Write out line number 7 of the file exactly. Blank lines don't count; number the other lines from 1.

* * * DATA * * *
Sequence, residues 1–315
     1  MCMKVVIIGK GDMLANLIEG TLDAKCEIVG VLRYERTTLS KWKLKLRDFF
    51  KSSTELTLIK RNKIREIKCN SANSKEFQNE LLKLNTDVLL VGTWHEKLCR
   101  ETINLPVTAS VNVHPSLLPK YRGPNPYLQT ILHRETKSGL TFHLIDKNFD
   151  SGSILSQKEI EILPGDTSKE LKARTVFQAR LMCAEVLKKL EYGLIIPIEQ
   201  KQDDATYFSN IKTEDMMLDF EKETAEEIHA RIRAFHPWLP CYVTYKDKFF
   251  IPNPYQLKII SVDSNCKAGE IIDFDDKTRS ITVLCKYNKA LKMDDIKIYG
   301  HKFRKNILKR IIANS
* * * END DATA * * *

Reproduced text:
   251  IPNPYQLKII SVDSNCKAGE IIDFDDKTRS ITVLCKYNKA LKMDDIKIYG